By Wendy Sarubbi | March 15, 2013 1:28 pm

The University of Central Florida celebrated a milestone today when its charter medical school class of students placed in residency training programs across the country.

Students are pursuing a variety of specialties, from primary care to highly competitive sub-specialties like neurosurgery, diagnostic radiology and orthopedic surgery. They will train in hospital programs across Florida, including Orlando Health and the University of Florida, and across the nation, including the Mayo Clinic, Duke, Tufts, Brown and the University of Washington.

“It’s a great day for our university and our community,” said President John C. Hitt. “Our students have followed their pioneering spirits and accomplished so much with the help of our talented faculty and staff members and the support of so many generous scholarship donors. When our students move on to their residencies, they will be exceptional ambassadors for the College of Medicine, UCF and Central Florida.”

Thirty-five students from the College of Medicine’s charter class participated in Match Day 2013. More than 40,000 participated nationwide. Most medical institutions will not hire doctors unless they complete a residency, so there’s a lot riding on Match day. Results are kept secret until noon EST on national Match Day.

“I am happy with our match results,” said Dr. Deborah German, vice president for medical affairs and founding dean of the College of Medicine. “Our students reached for the stars in pursuing their dreams. They will continue their training in Florida and across the nation representing Central Florida as the first group of UCF-educated physicians.”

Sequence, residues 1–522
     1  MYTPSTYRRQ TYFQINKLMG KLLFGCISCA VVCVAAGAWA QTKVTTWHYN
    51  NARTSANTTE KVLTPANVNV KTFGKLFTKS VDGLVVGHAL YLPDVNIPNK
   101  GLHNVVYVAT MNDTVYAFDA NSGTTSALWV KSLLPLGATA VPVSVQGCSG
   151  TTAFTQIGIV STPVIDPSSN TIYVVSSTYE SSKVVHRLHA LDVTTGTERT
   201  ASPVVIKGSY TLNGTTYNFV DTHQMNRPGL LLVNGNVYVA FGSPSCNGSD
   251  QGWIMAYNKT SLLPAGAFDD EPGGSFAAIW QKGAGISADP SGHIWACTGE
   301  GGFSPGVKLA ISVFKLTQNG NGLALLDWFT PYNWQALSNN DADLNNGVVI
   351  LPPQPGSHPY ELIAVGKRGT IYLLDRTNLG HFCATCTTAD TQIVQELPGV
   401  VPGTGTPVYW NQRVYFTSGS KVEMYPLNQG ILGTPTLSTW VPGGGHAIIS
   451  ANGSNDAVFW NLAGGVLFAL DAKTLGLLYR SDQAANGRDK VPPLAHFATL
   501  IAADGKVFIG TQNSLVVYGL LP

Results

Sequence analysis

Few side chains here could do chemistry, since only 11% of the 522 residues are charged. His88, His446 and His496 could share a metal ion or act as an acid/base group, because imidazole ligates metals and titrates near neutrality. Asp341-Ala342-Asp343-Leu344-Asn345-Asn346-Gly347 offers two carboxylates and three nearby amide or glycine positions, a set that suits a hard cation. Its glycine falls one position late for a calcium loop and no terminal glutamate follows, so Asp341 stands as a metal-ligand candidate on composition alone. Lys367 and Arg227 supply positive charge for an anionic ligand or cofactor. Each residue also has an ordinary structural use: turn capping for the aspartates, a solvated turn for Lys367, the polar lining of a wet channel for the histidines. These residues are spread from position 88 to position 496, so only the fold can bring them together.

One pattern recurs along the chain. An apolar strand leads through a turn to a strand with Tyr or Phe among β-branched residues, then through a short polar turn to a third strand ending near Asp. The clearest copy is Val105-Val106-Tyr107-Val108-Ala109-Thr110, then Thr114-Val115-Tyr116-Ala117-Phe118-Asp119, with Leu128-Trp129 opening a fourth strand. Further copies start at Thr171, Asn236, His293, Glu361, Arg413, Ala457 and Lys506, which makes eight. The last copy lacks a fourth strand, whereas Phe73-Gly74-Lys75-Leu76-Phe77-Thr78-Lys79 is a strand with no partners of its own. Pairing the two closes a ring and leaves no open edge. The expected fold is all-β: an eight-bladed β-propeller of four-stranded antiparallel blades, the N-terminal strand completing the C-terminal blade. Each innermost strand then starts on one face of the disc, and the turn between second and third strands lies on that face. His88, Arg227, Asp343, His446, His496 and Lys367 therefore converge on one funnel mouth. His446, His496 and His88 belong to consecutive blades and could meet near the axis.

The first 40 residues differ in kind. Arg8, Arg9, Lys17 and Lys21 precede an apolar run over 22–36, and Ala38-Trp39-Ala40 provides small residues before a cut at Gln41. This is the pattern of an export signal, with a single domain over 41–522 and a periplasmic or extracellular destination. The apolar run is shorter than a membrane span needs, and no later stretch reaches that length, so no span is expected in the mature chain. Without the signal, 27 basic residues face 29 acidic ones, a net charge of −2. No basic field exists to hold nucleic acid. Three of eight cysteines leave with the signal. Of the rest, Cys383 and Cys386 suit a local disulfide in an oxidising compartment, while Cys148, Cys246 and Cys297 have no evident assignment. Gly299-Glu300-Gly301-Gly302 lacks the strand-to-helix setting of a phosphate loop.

The match is similar to an online dating service. Medical students select their preferred residency program from a list of possibilities nationwide. Residency programs housed at universities and hospitals alike list their top picks. A centralized computer spends weeks sorting and coming up with the best “match,” which is announced on the designated Match Day.

There was a lot of anticipation leading up to Friday at UCF and beyond. The community eagerly awaited results after donating more than $6.5 million to fund full scholarships for every student in the class of 2013, making UCF the first medical school in U.S. history to provide full scholarships to an entire class. The scholarships provided $160,000 for tuition, fees and living expenses for all four years of medical school.

Students stood in front of an overhead banner where gold glittered clothespins held sealed white envelopes. Each envelope held a letter telling them where they had placed. As the medical school clock tower struck noon, the class, their families, donors, faculty and staff began counting down at 10…9…8…At “1” students tore into their envelopes to get the news. Tears, laughter and cheers erupted throughout the halls. Hugs and tears were common as parents and donors congratulated their students.

“I’m on Cloud Nine,” said M.D. student Mitch Popovetsky, who matched in internal medicine at Rush University Medical Center in Chicago. “Every day this week has been a countdown until now. I was so excited I had to read my letter four times just to be sure.”

The College of Medicine was the first building to call Medical City home. Today the growing biomedical cluster located near the Orlando International Airport includes Nemours Children’s Hospital, Sanford-Burnham Medical Research Institute, a University of Florida Research and Academic Center and the Orlando VA Medical Center under construction. Collaboration among these institutions and hospital chains such as Orlando Health and Florida Hospital also gave the charter class students unique opportunities for hands on training.

Tiffany Chen is one of five UCF students going to the University of Washington Affiliated Hospitals. “”I’m ecstatic,” said Tiffany, who opened the envelope announcing her obstetrics-gynecology residency, screamed and then turned to hug her mother. “I was in rounds all week, which was good because working distracted me. But it was hard to sleep last night.”

The match is the last big hurdle for charter class medical students before graduation on May 17 and the start of their medical careers.

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